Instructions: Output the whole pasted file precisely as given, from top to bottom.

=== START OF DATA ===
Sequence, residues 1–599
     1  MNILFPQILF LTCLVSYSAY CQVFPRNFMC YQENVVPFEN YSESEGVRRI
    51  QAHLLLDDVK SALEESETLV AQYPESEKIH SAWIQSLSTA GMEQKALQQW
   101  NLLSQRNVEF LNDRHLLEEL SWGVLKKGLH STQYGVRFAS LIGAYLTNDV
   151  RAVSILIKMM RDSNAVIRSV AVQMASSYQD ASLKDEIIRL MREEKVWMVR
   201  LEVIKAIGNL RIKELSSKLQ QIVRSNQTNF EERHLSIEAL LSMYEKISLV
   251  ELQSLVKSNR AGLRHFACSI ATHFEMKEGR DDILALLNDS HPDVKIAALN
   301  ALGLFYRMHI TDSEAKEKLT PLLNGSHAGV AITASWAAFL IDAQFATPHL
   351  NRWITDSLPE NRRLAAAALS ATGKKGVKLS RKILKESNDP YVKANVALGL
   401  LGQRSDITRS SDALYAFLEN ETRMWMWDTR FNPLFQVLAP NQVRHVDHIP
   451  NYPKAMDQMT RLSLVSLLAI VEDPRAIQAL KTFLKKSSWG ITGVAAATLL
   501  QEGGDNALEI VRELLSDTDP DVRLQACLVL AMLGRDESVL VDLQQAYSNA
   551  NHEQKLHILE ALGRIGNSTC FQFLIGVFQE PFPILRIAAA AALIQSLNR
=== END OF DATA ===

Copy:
Sequence, residues 1–599
     1  MNILFPQILF LTCLVSYSAY CQVFPRNFMC YQENVVPFEN YSESEGVRRI
    51  QAHLLLDDVK SALEESETLV AQYPESEKIH SAWIQSLSTA GMEQKALQQW
   101  NLLSQRNVEF LNDRHLLEEL SWGVLKKGLH STQYGVRFAS LIGAYLTNDV
   151  RAVSILIKMM RDSNAVIRSV AVQMASSYQD ASLKDEIIRL MREEKVWMVR
   201  LEVIKAIGNL RIKELSSKLQ QIVRSNQTNF EERHLSIEAL LSMYEKISLV
   251  ELQSLVKSNR AGLRHFACSI ATHFEMKEGR DDILALLNDS HPDVKIAALN
   301  ALGLFYRMHI TDSEAKEKLT PLLNGSHAGV AITASWAAFL IDAQFATPHL
   351  NRWITDSLPE NRRLAAAALS ATGKKGVKLS RKILKESNDP YVKANVALGL
   401  LGQRSDITRS SDALYAFLEN ETRMWMWDTR FNPLFQVLAP NQVRHVDHIP
   451  NYPKAMDQMT RLSLVSLLAI VEDPRAIQAL KTFLKKSSWG ITGVAAATLL
   501  QEGGDNALEI VRELLSDTDP DVRLQACLVL AMLGRDESVL VDLQQAYSNA
   551  NHEQKLHILE ALGRIGNSTC FQFLIGVFQE PFPILRIAAA AALIQSLNR